There was yet more bad news for Brits living in Europe this week.
The Department for Transport in the UK revealed that in the case of a no-deal Brexit Britons living in the EU may have to pass another driving test in the country they are living in.
“In the event that there is no EU exit deal, you may have to pass a driving test in the EU country you live in to be able to carry on driving there,” read the statement.
Brits living in the EU have been told to swap their British licence for an EU one before the (current) official Brexit day of March 29th but the worry is that a backlog of applications may mean processing delays and people may not have the licence they need in time for the deadline.
If this happens and there is no deal, they may have to retake their driving test.
But it isn't only those living in Europe who may be affected.
Britons on short-term visits to Europe might have to return to the UK in order to get the right paperwork at the post office, with a no-deal Brexit potentially meaning British tourists in Europe need three types of international driving permit.
One positive note from the UK government was that British motorists will still be able to drive in Ireland without any additional paperwork.
But overall it isn't good news for British drivers who can currently drive in all EU countries using their normal licence.
Additionally, British holidaymakers will need different driving permits for different countries in case of a no deal.
This is because drivers with international driving permits (IDPs) issued in Britain currently have either 1949 or 1926 permits.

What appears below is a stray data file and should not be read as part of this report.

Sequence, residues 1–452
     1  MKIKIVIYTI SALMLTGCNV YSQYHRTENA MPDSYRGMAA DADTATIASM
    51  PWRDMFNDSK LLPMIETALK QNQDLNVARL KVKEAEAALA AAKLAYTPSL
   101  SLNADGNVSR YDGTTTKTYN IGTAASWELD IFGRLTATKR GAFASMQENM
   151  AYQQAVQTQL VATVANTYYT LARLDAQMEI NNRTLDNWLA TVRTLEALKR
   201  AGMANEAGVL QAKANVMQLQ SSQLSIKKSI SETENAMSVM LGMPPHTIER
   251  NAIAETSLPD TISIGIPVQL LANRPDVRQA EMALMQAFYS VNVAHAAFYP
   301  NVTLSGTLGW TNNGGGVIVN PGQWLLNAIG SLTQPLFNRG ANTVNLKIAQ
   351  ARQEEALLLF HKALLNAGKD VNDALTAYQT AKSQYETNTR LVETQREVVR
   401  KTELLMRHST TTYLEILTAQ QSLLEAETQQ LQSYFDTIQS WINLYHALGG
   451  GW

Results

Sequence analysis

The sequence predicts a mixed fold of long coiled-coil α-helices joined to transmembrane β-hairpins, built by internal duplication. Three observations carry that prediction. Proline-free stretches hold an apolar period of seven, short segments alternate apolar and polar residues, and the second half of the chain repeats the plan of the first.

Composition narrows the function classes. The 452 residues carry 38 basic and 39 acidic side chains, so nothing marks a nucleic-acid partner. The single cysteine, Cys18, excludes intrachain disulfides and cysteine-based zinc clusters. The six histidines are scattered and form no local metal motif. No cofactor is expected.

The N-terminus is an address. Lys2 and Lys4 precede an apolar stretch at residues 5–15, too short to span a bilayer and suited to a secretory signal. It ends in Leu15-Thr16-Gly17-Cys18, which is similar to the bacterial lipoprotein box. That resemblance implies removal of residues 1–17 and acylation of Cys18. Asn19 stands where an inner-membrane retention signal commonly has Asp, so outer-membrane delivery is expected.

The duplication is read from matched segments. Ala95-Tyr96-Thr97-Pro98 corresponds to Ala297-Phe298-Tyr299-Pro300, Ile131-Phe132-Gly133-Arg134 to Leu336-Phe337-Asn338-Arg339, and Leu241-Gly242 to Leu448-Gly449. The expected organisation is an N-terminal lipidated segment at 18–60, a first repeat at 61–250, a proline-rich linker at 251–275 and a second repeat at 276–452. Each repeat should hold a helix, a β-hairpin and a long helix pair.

But Britain will have to start issuing a third type for the majority of EU countries that approved the 1968 convention on road traffic and drivers will still need a 1949 version for countries such as Spain, Cyprus, Malta and Iceland.
These permits, which are currently available online for £5.50, will only be obtainable at UK post offices from the end of January.
There are fears among professional driving associations that the “mess” will cause a lot of trouble for Britons living in the EU as well as holidaymakers.
“Thousands of expats, many of them elderly, will not relish the prospect of having to retake their driving test in a different country and different language if there is no deal,” the president of the AA motorists' organisation Edmund King told the press.
King added that drivers without the right driving permits could find that they are turned away at ports, calling the fact that drivers will no longer be able to apply for IDPs online a “backward step”.
Meanwhile it looks like EU citizens in the UK will have a better deal.
The UK has said it will continue to let EU citizens drive with their EU licence in Britain after Brexit for up to three years after coming to live in the UK and they will be able to exchange their licence for a British one.